Archive for the ‘NAT (Network Address Translation)’ Category

IP Addresses – Explained

Thursday, November 12th, 2009

IP Addresses.

IP (Internet Protocol) addresses are numbers that identify Internet hosts. They provide universal addressing across all the networks of the Internet.

IP addresses are placed in the IP packet header and are used to route packets to their destinations. An IP address is a 32-bit value split into four 8-bit pieces (octets) that are separated by dots. An example of an IP address is 206.98.23.16. Each of the 4 numbers within the IP address can be between 1 and 255.

IP addresses are prefix based. The initial prefixes of the IP address can be used for generalised routing decisions. For example, the first 16 bits of an address might identify a corporation, the next 4 bits may identify a branch of that corporation, the following 6 bits may identify a particular LAN in that corporate branch, and the entire 32-bit address might identify a specific host within that LAN.

To simplify packet routing, Internet addresses are divided into five classes: Class A, Class B, Class C, Class D, and Class E. Very large corporations and entities receive Class A addresses, mid-sized companies and universities usually have Class B addresses, and most smaller companies and ISPs have Class C addresses. Class D is a multicast address and Class E is reserved.

Class A addresses are given to large organisations such as major universities and very large corporations. Class A addresses begin with a number between 1 and 126 (127 is reserved) in the first octet, leaving the 3 other octets open to split into local addresses. Although there are only 126 Class A codes, there are more than 16 million individual IP addresses within each Class A. Class B addresses are claimed by mid-sized companies, universities, and other entities that need thousands of IP addresses. Class B IP addresses begin with numbers between 128 and 191 in the first octet and have numbers from 1 through 255 in the second octet, leaving the last 2 octets open to denote local addresses. There are 16,384 Class B addresses with 65,536 individual IP addresses each.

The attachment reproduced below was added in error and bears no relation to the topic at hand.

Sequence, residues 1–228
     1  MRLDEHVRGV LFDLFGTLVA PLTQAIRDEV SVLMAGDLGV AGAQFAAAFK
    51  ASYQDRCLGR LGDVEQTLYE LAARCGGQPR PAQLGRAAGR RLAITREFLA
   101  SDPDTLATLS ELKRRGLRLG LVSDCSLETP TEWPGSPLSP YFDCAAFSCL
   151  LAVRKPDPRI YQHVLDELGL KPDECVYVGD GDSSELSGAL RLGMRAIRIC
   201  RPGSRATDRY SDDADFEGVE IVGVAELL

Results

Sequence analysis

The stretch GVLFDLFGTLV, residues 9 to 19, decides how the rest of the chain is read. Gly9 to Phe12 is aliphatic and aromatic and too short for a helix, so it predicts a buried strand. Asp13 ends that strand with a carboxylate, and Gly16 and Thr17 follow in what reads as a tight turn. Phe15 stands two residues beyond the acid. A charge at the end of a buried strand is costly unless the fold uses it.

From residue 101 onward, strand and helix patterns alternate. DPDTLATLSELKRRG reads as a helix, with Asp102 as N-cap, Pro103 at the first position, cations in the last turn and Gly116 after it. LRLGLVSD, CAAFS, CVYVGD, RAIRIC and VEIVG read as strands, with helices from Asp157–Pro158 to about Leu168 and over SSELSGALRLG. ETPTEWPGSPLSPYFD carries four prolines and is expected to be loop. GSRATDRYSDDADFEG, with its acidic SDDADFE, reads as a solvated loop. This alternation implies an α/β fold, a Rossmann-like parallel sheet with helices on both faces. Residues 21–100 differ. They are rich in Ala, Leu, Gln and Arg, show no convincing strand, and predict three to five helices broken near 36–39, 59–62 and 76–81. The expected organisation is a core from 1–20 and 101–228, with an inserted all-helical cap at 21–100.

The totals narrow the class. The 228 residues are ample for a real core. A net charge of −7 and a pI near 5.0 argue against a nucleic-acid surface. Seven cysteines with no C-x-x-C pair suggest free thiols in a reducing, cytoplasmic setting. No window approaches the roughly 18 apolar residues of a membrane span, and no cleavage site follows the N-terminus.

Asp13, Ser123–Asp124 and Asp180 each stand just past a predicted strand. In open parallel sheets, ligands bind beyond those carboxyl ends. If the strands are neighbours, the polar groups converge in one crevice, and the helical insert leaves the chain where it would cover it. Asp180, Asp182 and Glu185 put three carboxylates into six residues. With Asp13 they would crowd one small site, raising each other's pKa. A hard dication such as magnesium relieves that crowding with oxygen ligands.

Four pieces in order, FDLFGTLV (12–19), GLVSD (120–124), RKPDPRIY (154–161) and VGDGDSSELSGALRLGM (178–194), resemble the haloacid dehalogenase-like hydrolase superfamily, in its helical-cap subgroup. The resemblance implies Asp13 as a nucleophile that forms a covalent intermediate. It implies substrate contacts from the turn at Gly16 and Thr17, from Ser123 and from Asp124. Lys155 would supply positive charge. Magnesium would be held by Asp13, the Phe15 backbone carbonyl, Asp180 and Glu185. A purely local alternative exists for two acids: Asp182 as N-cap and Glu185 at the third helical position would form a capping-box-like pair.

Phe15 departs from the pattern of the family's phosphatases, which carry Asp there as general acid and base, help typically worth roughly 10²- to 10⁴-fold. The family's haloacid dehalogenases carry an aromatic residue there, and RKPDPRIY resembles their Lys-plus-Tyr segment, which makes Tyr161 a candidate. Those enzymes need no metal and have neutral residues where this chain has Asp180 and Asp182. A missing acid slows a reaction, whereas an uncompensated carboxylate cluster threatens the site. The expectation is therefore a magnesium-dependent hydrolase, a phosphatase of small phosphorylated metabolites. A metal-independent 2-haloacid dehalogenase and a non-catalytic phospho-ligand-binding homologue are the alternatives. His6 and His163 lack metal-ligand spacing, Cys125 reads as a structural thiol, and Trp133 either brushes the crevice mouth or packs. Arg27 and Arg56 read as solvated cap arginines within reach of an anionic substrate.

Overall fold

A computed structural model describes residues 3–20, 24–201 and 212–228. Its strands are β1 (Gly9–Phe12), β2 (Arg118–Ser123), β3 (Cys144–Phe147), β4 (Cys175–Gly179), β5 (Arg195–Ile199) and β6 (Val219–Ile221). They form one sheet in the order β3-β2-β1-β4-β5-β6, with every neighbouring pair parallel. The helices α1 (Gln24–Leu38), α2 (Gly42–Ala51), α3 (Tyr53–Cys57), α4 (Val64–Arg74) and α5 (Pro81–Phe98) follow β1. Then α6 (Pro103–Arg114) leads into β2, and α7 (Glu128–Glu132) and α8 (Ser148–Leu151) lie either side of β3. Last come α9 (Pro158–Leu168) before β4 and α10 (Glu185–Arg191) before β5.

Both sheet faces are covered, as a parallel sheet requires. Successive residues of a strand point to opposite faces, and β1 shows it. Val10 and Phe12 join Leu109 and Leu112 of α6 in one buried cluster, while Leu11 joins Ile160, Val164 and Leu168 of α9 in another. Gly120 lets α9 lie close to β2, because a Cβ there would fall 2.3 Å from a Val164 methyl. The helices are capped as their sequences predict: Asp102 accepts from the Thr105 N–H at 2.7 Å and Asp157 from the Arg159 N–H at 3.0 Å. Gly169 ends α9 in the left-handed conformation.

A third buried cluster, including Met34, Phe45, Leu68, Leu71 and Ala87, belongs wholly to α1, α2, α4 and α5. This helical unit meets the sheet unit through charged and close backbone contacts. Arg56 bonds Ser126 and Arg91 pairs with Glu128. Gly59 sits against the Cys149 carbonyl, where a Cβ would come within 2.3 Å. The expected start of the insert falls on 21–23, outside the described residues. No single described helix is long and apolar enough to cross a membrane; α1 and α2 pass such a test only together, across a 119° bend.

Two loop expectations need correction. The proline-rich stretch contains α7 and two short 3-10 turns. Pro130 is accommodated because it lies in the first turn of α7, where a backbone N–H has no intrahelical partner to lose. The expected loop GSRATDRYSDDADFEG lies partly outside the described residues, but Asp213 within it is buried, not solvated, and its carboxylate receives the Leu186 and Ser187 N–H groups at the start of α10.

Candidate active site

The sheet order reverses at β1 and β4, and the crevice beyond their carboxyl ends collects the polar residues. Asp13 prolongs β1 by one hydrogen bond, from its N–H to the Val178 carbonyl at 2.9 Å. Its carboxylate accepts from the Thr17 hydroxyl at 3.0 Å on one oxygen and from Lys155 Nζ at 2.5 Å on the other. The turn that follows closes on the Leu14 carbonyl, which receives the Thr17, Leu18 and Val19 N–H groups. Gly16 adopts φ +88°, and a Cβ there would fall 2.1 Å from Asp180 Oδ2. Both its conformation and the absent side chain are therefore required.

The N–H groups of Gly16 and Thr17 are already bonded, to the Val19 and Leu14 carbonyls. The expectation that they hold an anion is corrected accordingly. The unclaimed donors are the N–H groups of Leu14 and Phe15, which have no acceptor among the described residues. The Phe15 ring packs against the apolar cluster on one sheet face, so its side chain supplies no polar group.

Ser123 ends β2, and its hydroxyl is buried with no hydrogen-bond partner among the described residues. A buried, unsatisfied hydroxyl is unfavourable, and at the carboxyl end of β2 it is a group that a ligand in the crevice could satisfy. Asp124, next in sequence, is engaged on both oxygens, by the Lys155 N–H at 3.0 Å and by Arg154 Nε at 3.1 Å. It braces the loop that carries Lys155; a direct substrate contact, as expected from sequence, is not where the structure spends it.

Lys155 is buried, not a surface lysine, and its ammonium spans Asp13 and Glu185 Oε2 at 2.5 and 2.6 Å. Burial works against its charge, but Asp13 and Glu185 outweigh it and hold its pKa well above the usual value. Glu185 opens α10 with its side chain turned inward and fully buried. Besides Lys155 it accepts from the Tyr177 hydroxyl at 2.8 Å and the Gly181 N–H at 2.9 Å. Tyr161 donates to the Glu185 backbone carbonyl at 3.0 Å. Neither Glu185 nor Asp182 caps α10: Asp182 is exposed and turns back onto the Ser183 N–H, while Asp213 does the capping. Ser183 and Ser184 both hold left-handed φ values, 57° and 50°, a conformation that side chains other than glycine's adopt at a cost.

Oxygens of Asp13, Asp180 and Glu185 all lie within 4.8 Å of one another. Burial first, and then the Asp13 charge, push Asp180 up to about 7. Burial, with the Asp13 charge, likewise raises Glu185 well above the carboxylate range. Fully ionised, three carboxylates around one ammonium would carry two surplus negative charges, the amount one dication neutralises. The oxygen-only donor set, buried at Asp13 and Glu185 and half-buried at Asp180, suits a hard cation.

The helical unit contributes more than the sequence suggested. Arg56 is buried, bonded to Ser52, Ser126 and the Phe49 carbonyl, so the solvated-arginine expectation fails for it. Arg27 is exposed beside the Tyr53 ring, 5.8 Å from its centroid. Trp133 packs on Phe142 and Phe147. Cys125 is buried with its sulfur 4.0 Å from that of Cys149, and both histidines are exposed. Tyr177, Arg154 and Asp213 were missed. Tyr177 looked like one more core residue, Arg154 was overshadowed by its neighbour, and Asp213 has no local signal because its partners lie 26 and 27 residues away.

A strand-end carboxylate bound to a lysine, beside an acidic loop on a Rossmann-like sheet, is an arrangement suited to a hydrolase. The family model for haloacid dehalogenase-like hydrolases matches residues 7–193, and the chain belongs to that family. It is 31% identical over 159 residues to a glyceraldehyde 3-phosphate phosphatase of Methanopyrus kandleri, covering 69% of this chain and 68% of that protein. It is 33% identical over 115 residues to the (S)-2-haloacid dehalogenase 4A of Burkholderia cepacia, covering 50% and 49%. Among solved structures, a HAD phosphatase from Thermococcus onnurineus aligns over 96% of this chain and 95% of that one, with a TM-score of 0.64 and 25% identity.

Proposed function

Class C addresses —the most common—are used by most companies and ISPs. A Class C address has a number from 192 through 223 in the first octet and a number from 1 through 255 in the second and third octets, leaving only the fourth octet free for local addresses. There are more than two million Class C addresses and each contains 255 IP addresses.

Subnetting enables a network administrator to further divide the host part of the address into two or more subnets to make them easier to manage. A filter called a subnet mask is used to determine the subnet to which an IP address belongs.

Because IP addresses are difficult to remember, many also have text equivalents such as blackbox.co.uk. These text-based addresses are called domain names. A database program called Domain Name Service (DNS) keeps track of the names and translates them into their numeric equivalents.

The Internet is expected to outgrow the number of available IP addresses eventually. A new system of IP addresses called IPv6 has been designed to extend the capacity of the Internet. To date, the uptake of IPv6 has been limited. Most people are still using IPv4 and NAT (Network Address Translation) which allows multiple devices to connect to the Internet using only one ‘real’ IP address.

First Octet Second Octet Third Octet Fourth Octet